Pacific Islands Fish and Wildlife Office
Pacific Region

Endangered Species in the Pacific Islands

Recovery Plan for the Mauna Kea Silversword

Photo of Mauna Kea Silversword

The Mauna Kea silversword (Argyroxiphium sandwicense ssp. sandwicense), also known as ahinahina in Hawaiian, is a giant rosette plant found only in the alpine areas of Mauna Kea volcano on the island of Hawai‘i.

It is very rare event when the plant flowers because individual
plants may live from three to over 50 years before flowering! After
flowering, the entire plant dies. There are five populations of this
rare plant and only one of them is a naturally occurring. There is
an estimated total of 8,000 Mauna Kea silverswords, of which only approximately 20 are wild individuals

Mauna Kea Silversword - Photo credit
Marie Bruegmann/USFWS

Habitat & Distribution:
The Mauna Kea silversword may have been abundant on all slopes of Mauna Kea between 8,528 and 12,464 feet (2,600 to 3,800) elevations in prehistoric times. The decline of the silversword has been attributed to browsing by feral ungulates, particularly sheep and goats.

Currently, the species has been reduced to a single naturally occurring population in Waipahoehoe Gulch. Between 1973 and 1982, the State of Hawai‘i outplanted silverswords in three exclosures within in the Mauna Kea Forest Reserve near Pu'u Nanaha at 9,086 feet (2,770 meters) elevation, near skyline jeep trail at 9,184 feet (2,970 meters), and at Waipahoehoe Gulch at 9,184 feet (2,800 meters). Additional reintroduction efforts have increased the numbers to approximately 8,000 individuals.

There are several distinct vegetational and climatic zones of Mauna Kea. The upper region from 11,152 to 12,464 feet (3,400 to 3,800 meters) elevation is barren alpine cinder desert. The region between
10,496 to 11,152 feet (3,200 to 3,400 meters) elevation is scrub desert. The region between 9,512 and 10,496 feet (2,900 and 3,200 meters) elevation may have been the area of the original treeline of Mauna Kea but is now alpine scrub. Open mamane (Sophora chrysophylla) forest begins between 8,528 and 9,512 feet (2,600 and 2,900 meters) elevation. This is the region in which both the Pu‘u Nanaha and Waipahoehoe exclosure occur, and is believed to have once supported large populations of Mauna Kea silverswords.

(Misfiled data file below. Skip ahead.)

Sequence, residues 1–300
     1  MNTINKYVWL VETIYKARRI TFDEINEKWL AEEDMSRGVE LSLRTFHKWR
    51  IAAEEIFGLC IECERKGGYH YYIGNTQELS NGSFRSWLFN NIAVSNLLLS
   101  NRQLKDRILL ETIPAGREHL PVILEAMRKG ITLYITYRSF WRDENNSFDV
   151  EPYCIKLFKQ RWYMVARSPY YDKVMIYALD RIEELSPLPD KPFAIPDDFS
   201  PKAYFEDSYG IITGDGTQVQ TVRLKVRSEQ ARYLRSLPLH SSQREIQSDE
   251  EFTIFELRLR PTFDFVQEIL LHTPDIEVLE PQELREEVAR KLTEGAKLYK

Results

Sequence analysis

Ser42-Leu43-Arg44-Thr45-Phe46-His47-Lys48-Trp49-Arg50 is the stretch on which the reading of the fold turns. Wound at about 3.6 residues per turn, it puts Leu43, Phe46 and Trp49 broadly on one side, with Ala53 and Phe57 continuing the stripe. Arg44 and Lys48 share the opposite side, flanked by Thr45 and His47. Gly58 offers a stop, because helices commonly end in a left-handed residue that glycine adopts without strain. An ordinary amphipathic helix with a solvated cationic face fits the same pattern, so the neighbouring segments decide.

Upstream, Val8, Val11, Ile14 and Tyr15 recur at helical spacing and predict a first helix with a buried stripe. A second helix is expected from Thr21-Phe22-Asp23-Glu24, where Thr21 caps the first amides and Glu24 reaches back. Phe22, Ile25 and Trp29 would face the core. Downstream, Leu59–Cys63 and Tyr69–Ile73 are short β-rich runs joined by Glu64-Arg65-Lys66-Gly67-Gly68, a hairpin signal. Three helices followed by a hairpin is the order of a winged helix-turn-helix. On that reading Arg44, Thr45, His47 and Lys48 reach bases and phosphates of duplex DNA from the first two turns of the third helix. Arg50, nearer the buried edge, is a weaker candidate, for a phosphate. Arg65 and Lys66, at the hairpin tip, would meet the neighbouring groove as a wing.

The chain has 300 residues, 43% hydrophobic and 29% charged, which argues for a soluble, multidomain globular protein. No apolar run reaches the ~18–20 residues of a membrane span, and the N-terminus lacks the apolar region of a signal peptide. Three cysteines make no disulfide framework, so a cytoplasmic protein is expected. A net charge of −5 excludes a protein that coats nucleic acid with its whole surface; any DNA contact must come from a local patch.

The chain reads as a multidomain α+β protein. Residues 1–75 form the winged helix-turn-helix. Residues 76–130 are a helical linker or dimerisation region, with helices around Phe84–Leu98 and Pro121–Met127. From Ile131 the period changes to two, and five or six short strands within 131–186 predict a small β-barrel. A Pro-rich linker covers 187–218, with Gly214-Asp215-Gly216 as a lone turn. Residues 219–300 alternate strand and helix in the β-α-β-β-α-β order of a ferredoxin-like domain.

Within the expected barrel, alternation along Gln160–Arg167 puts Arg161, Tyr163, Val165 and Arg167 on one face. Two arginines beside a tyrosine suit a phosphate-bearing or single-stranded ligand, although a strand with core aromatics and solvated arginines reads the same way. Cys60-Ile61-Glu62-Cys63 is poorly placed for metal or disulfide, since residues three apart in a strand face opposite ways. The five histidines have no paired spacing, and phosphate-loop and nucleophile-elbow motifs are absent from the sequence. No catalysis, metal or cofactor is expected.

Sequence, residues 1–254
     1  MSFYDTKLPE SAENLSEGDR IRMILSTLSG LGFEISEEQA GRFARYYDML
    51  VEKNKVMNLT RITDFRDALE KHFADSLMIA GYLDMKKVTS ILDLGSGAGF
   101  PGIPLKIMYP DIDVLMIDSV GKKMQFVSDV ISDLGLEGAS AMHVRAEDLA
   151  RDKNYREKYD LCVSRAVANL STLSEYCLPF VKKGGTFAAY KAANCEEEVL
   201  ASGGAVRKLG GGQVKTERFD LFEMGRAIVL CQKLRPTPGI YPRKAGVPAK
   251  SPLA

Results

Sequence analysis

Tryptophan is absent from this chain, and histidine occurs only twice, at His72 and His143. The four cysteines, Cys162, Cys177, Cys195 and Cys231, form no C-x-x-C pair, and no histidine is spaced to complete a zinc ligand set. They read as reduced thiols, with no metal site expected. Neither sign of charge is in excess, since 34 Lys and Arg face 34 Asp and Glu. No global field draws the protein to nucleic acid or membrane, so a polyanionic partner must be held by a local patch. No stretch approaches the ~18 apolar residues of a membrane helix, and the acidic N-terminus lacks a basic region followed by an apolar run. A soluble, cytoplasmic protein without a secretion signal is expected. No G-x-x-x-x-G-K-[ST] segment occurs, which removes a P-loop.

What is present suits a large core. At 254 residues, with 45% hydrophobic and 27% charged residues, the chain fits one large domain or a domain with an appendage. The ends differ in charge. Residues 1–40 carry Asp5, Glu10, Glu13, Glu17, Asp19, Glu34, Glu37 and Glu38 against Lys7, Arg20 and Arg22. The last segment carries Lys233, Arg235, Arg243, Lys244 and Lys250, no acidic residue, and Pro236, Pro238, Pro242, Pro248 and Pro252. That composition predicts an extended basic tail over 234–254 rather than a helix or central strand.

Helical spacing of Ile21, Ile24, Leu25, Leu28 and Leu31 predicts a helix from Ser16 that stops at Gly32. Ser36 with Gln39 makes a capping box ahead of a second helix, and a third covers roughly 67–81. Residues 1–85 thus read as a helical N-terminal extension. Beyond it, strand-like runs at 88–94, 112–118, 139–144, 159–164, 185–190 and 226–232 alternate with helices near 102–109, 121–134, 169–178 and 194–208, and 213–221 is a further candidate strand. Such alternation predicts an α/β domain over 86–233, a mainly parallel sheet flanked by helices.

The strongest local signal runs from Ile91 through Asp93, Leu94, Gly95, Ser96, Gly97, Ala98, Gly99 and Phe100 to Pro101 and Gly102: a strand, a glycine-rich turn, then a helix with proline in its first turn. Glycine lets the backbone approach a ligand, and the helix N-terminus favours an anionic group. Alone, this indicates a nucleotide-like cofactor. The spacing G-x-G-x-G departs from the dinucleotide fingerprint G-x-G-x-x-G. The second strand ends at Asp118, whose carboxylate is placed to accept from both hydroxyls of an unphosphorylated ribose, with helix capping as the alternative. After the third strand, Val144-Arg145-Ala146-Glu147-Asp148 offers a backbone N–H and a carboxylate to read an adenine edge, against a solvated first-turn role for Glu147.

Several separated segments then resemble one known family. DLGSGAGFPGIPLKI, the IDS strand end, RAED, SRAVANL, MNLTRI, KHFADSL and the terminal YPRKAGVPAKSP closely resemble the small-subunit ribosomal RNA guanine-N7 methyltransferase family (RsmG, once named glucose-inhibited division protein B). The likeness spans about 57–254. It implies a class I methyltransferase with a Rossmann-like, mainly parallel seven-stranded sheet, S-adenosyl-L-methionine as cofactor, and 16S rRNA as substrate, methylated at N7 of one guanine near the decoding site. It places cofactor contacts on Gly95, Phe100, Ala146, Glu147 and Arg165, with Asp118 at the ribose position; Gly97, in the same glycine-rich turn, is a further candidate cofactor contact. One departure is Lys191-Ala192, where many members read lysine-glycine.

The annual rainfall is between 19.5 and 31.2 inches (500 and 800 millimeters) a year, and annual mean temperature is about 11 degrees celcius.

The Mauna Kea silversword was federally listed as an endangered species on March 21, 1986. In 1909, the upper sloped of Mauna Kea above 7,872 feet (2,400 meters) elevation were declared a Forest Reserve.

The Hawai‘i Department of Land and Natural Resources Division of Forestry and Wildlife has been actively involved in the preservation and restoration of the Mauna Kea silversword by building fences and exclosure, and outplanting. The vegetation of Mauna Kea was not protected until 1935, when a fence was constructed along the lower boundary of the Forest Reserve. Beginning 1974, the silversword seed was germinated and plants were greenhouse-grown at Hawai‘i Volcanoes National Park. Additional reintroduction efforts have increased the number of founders from 2 to 6, and the numbers from 800 to 8,000. The silversword has been extensively studied by scientists at the University of Hawai‘i (Manoa), the University of California (Davis), and the University of British Columbia, Vancouver.

Actions identified in this recovery plan are protecting all remaining plants from feral ungulates, fire and human-related disturbances; monitor and research existing populations; develop and implement a program to enhance regeneration within existing populations; and reestablish the silversword within areas of historic abundance, and verify recovery objectives.


Last updated: September 20, 2012
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